Please welcome the AHA’s new Communications Manager, David Reinbold!
What is your educational and work background?
I have a background in communications, marketing, and journalism and have worked for various nonprofits and media outlets, including the National Sexual Violence Resource Center, The Washington Post, and the International Center on Nonviolent Conflict.
I earned a Bachelor of Arts in Journalism from Penn State University and then went on to earn a Master of Arts in International Media from American University in Washington, DC.
How did you first learn about humanism?
I began dipping a toe into the concept of humanism as a teenager after challenging my own belief systems. When I was fifteen, I participated in a documentary, Jim in Bold, that told the story of a gay teenager from my hometown, Jim Wheeler, who committed suicide after enduring years of bullying and religious therapy. The documentary tells Jim’s story juxtaposed against more positive stories of queer youth across the United States.
After completion of that project, the fundamentalist Christian group, the Westboro Baptist Church, regularly demonstrated at showings of the documentary. Witnessing this group in close proximity challenged my belief system to the core, and I began decoupling myself from the idea of organized religion shortly thereafter.
Did you grow up in a traditional religious faith? How did it impact you?
I was raised in a Moravian household and we regularly attended services when I was a child. We stopped attending services when I was about ten or eleven years old, and I don’t think that it impacted me beyond equipping me with a basic understanding of Protestant Christianity.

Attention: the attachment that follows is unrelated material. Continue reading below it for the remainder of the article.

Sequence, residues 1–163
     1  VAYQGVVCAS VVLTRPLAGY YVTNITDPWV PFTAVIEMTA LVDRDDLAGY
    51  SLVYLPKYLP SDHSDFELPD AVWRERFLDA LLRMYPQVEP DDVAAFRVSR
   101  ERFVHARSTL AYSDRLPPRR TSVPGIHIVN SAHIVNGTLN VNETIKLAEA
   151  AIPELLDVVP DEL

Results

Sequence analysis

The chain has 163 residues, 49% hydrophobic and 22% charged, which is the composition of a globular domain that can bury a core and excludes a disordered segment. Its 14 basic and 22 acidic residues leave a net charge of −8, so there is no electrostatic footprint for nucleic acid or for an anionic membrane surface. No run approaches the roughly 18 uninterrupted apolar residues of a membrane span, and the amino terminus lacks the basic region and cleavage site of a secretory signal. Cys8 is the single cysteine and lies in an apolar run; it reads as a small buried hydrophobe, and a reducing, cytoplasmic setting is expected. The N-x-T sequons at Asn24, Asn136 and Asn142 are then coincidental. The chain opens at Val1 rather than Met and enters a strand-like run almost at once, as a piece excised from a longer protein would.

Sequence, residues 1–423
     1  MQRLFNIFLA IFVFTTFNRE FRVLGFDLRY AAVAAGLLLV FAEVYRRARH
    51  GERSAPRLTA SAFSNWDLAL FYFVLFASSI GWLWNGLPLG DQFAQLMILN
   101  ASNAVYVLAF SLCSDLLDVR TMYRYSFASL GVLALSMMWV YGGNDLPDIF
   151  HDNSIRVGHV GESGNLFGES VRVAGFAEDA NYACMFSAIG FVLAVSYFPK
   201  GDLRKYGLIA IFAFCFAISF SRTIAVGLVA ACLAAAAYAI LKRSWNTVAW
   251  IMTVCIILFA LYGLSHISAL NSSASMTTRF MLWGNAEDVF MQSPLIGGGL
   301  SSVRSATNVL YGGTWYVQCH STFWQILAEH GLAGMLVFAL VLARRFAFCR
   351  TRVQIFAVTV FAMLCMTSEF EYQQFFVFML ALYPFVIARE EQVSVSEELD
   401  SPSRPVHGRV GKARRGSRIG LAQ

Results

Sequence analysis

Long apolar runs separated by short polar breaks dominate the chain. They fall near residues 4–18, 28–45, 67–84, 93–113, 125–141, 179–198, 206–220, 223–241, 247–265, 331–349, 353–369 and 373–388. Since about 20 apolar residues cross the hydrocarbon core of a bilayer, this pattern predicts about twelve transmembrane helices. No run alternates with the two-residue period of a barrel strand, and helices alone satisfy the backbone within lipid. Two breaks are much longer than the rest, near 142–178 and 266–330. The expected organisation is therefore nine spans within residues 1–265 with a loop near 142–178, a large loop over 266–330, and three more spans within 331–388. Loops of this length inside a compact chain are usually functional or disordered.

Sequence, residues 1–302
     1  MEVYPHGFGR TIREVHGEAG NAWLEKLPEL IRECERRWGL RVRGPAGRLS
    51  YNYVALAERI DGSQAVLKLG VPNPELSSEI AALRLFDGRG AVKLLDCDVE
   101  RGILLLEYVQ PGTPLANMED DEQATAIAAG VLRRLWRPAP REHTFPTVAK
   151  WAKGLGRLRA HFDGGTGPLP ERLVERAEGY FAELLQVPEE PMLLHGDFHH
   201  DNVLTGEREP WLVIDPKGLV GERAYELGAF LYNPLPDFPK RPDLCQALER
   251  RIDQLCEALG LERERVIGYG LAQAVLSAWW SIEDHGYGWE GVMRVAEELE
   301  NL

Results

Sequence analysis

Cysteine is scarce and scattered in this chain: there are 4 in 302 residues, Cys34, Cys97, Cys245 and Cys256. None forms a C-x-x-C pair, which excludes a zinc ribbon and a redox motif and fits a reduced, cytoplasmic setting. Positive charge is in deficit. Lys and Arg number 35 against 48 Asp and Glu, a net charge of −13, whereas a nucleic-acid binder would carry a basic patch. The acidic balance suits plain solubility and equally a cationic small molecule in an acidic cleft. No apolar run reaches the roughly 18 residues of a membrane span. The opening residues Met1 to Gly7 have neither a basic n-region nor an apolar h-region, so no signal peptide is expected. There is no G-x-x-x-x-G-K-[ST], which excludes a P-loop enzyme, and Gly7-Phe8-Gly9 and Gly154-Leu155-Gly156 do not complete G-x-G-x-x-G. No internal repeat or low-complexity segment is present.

What interested you most about working for the American Humanist Association?
To me, nothing is more important than ensuring there is a strict firewall between religion and government. Growing up as a queer person, I have experienced how religion can be contorted to deny basic rights to certain groups of people, and when I see the fervor with which some groups seek to codify religion into law, that galvanizes me. I am so proud to join the team at the AHA to help bring awareness to these issues.
What book has influenced you the most?
The Presentation of Self in Everyday Life by sociologist Erving Goffman will always be one of my favorite books. Goffman was a prolific sociologist in the 20th Century whose writing helped me understand the intricacies of social interaction, including self-presentation theory, why folks behave and interact in certain ways, and the influence that rituals and groups can have on our understanding of human behavior.
If you could have dinner with any three people in the world (living or dead), who would they be and why?
Erving Goffman, because I would want to pick his brain about his theories. I think we would have such a great conversation around social structures, group theory, and how communications and social interactions have changed drastically since his passing in the early 80s. My second choice would be Ruth Bader Ginsburg. I would love to have a frank discussion about her time on the Supreme Court and hear her unfiltered views about democracy and law. My final choice would be a comedian to interject a tiny amount of chaos into the dinner to make it more memorable. I can’t decide if Margaret Cho, Nicole Byer, or Michelle Buteau would be more fitting, but one of them would make the night complete.